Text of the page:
Alaska communities waiting for contractor ferry service | iNFOnews | Thompson-Okanagan's News Source

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Alaska communities waiting for contractor ferry service

March 12, 2020 - 6:20 AM

JUNEAU, Alaska - A pair of Alaska communities meant to receive supplemental ferry service under a state agreement with a private contractor are waiting for the ships to arrive.

Gustavus and Pelican had not yet received ferry service by Wednesday despite a contract to provide temporary transportation following budget cuts and mechanical issues that halted the Alaska Marine Highway System, CoastAlaska reported.

The Alaska Department of Transportation and Public Facilities signed a Feb. 26 agreement with urban Native corporation Goldbelt Inc. to fill service gaps with private charters through March 31.

The Juneau corporation has two catamarans available, but neither have been scheduled by Department of Transportation officials, Goldbelt CEO McHugh Pierre said.

“We’re standing by and we’re ready to perform at a moment’s notice,” Pierre said Tuesday.

The Goldbelt contract included Gustavus and Pelican on a route with Juneau and Hoonah for $9,200 per trip.

Allen Marine of Sitka has run at least two charter ferries between Juneau and the island communities of Kake, Angoon and Tenakee Springs under a similar contract.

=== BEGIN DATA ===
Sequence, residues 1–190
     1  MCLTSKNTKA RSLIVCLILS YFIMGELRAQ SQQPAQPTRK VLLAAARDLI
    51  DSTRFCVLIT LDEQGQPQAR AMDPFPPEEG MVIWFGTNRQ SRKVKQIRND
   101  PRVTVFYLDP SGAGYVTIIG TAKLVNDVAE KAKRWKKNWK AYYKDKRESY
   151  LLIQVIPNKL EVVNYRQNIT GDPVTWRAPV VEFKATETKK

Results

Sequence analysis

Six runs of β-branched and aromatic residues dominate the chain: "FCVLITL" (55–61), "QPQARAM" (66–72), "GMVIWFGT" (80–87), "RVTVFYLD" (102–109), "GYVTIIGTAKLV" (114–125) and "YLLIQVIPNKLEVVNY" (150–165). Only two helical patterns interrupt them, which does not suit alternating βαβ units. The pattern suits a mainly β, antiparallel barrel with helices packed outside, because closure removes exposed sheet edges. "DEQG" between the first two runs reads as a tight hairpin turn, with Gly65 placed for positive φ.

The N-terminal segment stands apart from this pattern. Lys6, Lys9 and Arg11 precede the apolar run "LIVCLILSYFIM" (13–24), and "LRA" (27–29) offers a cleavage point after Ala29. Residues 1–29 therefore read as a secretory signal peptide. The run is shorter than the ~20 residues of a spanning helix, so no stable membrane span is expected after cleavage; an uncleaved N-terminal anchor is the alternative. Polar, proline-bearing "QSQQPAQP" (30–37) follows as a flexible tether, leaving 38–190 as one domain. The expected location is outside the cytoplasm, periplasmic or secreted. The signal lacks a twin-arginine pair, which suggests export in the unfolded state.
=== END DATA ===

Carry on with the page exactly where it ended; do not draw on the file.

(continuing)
Transportation department regional spokesman Sam Dapcevich wrote in a statement that the agency “is assessing the transportation needs of Pelican and Gustavus.”

Gustavus City Administrator Tom Williams said he was not aware an agreement existed.

“It’s a little frustrating and disappointing that DOT didn’t do a better job of notifying the communities that are in the contract” he said.

Dapcevich's statement noted that Gustavus’ state dock is scheduled to be rebuilt this spring and ferries will not be able to tie up there.

Williams had conversations with the National Park Service about using its Bartlett Cove dock as an alternative and that Gustavus residents want an opportunity to restock provisions in Juneau, he said.

“I realize that a passenger-only ferry will provide limited amount of cargo per passenger,” Williams said. “But still, that’s a lot better than not having any opportunity at all to bring supplies over.”

Norm Carson, president of Pelican's chamber of commerce, said he did not know about the contract, but it would make sense.

“If we could pair that with a community like Gustavus on the way out and on the way back, then there’d be no issue with ridership at all,” he said.

News from © The Associated Press, 2020
The Associated Press

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